A few weeks ago I purchased a stunningly beautiful 1947 Gibson ES 300 at The Guitar Company. Of course that was a great opportunity to ask Erwin, the owner, some questions. So here we go ...
You started to collect vintage guitars at a pretty young age. How did that go about?
I was quite young when I began collecting and studying vintage guitars. It all started when I was about 10 years old. My brother and sister already played guitar and my father asked me if that was something I would like too. I liked ACDC and Led Zeppelin a lot so it seemed like a good idea. Together with my parents I bought my first guitar at Dijkman in Breda. It was a Silvertone SG model.
When I was 14, I once went shopping with my parents im Antwerp. There was a small store where I saw and fell in love with a Gibson Les Paul double cut. I started saving and checked the store regularly if the guitar was still there. Finally I could buy it and though I paid too much for it, at 14, I was the proud owner of a Gibson guitar.
My first real vintage guitar I bought when I was 15. At the time I was already infected with the vintage virus and I borrowed money from my parents to buy a 1971 Gibson SG special. I was only allowed to play it after I had repaid my debt.
What music do you play yourself?
My first project was a Surf band. After that I played in a rock and blues band. But my real love was rockabilly and country music so I was soon in a band that played that type of music. Right now I would like to start a bluegrass band.
You have a passion for Gibson hollow bodies. Why is that?
I have a passion for Americana. Bluegrass, western swing, jump blues, country, rockabilly. I used to listen to Brian Setzer a lot. On holiday in Germany I bought my first Gretsch. After that I owned several non vintage Gretsch guitars, White Falcons, Black Falcons, 6120’s, Country Classics, Country Gentlemans, Duo Jets, Firebirds etc. I could not afford a collection so it was a matter of buying and trading in. I must have tried out all of the Gretsch models. Then I came across a Gibson ES-225T from 1956 and I was hooked on vintage guitars. Now that was a guitar with mojo. The neck only had 50% of the original finish and it felt and looked great. I sold all the Gretsches and started to collect vintage Gibson hollow bodies. I once even sold my car to be able to afford a guitar.
You own what is probably my dream guitar, a 1950s ES 350. How did you acquire that one?
That’s a nice story. I have always thought the ES 350 was the ultimate Gibson hollow body. I had been looking for one in Europe but to no avail. So I placed an ad and forgot about it over time. One night an older gentleman called me and told me he had one. Let’s call him Frank. Frank had seen the guitar being played by Lloyd Davis on his European tour with Willis Jackson. Apparently Davis died in Antwerp during that tour and the guitar went back to the USA. However, via a befriended trader, Frank was able to purchase it in 1980.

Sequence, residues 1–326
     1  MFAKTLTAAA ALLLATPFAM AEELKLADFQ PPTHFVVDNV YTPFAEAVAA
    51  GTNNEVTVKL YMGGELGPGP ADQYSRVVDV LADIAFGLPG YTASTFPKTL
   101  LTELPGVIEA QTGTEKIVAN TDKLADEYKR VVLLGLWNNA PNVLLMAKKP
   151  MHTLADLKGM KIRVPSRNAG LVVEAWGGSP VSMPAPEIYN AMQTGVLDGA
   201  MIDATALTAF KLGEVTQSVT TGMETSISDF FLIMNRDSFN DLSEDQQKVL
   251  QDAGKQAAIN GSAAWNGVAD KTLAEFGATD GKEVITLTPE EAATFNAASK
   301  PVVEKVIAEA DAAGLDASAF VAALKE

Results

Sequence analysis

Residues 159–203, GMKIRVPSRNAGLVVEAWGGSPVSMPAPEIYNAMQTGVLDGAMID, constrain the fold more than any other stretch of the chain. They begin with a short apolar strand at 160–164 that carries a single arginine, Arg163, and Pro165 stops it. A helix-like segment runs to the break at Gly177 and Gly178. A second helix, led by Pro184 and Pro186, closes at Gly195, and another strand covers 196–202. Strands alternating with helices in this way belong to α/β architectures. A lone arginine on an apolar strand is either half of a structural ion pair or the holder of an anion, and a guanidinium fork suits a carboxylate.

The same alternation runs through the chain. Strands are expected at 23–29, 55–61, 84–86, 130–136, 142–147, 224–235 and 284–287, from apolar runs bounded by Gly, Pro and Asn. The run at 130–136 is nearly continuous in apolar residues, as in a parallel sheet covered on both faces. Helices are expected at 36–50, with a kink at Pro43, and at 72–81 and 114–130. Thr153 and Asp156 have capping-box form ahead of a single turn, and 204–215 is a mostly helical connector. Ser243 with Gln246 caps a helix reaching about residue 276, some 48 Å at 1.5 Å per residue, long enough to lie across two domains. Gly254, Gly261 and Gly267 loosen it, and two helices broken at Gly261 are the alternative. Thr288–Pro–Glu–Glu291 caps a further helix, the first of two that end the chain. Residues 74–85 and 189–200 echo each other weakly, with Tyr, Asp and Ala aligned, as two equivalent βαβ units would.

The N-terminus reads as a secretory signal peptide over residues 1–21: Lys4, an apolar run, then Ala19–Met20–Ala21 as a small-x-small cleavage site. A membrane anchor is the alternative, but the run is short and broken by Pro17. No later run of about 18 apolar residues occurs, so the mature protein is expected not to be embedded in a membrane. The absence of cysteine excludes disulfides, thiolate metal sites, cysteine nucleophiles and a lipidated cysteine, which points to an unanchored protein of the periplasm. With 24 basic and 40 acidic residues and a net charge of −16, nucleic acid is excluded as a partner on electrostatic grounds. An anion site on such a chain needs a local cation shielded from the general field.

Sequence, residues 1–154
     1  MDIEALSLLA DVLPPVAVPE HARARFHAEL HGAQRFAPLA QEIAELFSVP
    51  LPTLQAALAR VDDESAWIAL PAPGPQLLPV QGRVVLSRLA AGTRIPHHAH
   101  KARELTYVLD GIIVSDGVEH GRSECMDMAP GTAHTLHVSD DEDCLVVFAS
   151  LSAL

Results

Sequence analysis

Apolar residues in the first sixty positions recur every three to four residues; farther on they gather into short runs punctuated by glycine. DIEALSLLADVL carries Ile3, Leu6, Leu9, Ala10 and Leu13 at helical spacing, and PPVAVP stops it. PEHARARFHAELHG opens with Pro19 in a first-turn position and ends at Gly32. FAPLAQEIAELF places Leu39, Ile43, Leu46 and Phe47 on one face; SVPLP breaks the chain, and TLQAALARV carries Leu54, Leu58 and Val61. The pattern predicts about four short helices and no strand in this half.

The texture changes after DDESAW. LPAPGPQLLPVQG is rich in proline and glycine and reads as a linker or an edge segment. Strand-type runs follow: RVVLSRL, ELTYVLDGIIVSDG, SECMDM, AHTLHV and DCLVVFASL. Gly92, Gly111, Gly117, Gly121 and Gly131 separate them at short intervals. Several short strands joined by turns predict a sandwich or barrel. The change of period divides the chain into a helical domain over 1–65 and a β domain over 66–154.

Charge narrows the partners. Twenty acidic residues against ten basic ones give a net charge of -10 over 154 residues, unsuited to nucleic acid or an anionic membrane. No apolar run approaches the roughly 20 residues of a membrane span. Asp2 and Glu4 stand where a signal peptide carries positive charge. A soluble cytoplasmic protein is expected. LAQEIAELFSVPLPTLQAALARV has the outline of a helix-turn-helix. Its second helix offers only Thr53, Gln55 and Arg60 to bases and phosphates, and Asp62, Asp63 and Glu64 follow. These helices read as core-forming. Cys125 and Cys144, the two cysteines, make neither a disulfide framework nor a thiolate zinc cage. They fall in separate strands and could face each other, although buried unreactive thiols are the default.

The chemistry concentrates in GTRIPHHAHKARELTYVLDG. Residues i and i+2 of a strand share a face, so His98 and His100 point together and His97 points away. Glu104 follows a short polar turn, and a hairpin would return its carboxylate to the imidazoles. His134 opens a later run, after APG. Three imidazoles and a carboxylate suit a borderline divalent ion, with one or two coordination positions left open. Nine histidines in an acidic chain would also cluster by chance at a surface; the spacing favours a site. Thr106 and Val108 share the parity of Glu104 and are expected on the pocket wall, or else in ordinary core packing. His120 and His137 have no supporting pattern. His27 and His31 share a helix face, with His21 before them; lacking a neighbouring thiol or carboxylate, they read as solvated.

When I visited Frank to buy the guitar I had to audition. At first he did not like what I was playing but when I played some jazz on it, he changed his mind and we agreed on a price. It has been my favorite guitar ever since. It turned out to be that the guitar I had been looking for so long was just half an hour’s drive away.
What are other favorites from your collection?
I have owned many great guitars over the years. Many ES models from the 40s and 50s and 1950s Les Pauls. A highlight was last year when I found a Les Paul from 1959 in the Netherlands.
Right now I have a 1961 Gibson ES 335 for sale. An insanely resonant guitar.
What was your worst buy?
A 1956 Gretsch Firebird. It had all kinds of issues – a screw was drilled in the neck pocket - and I had it restored for a lot of money. Later I had trouble selling it and had to let it go for way under my asking price.
Why did you start The Guitar Company?
I am crazy about vintage guitars. I read about them every day. Much to my girl friend’s annoyance haha. When I was still very young I was buying and trading in guitars all the time. I met many people and built up some kind of network. Sometimes I made a profit.
After my studies (art academy with specialization online marketing) I started a design agency. So I already knew how to market a product and when I noticed the average offering of local stores I thought I could do a better job.
With the Guitar Company I want to focus on quality vintage guitars. I rather have 30 good guitars than 100 medicocre ones in my collection. It’s the only way to stand out in the market.
Where do you get your guitars?
Many clients think I buy from the USA. But the truth is that I get most of my guitars from my personal network.
Do you have any tips for buying a vintage guitar?
Knowledge is power. Focus on the guitar you want. Many great books on vintage guitars exist so be sure to study your literature. Do not buy from Ebay just like that. It takes experience to see if a guitar is original or if any repairs were done on it or are needed. A bad purchase can cost you a lot of money. For your first vintage guitar you had better seek out a vintage specialist.
And another thing. A vintage guitar is not a good guitar by definition. It is important to ask yourself if the guitar is really going to make you happy or if it is a worthwhile asset to your collection.
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Nice article and quite informative. Vintage guitars seems like something I'd like to dip my toe into after reading this.ReplyDelete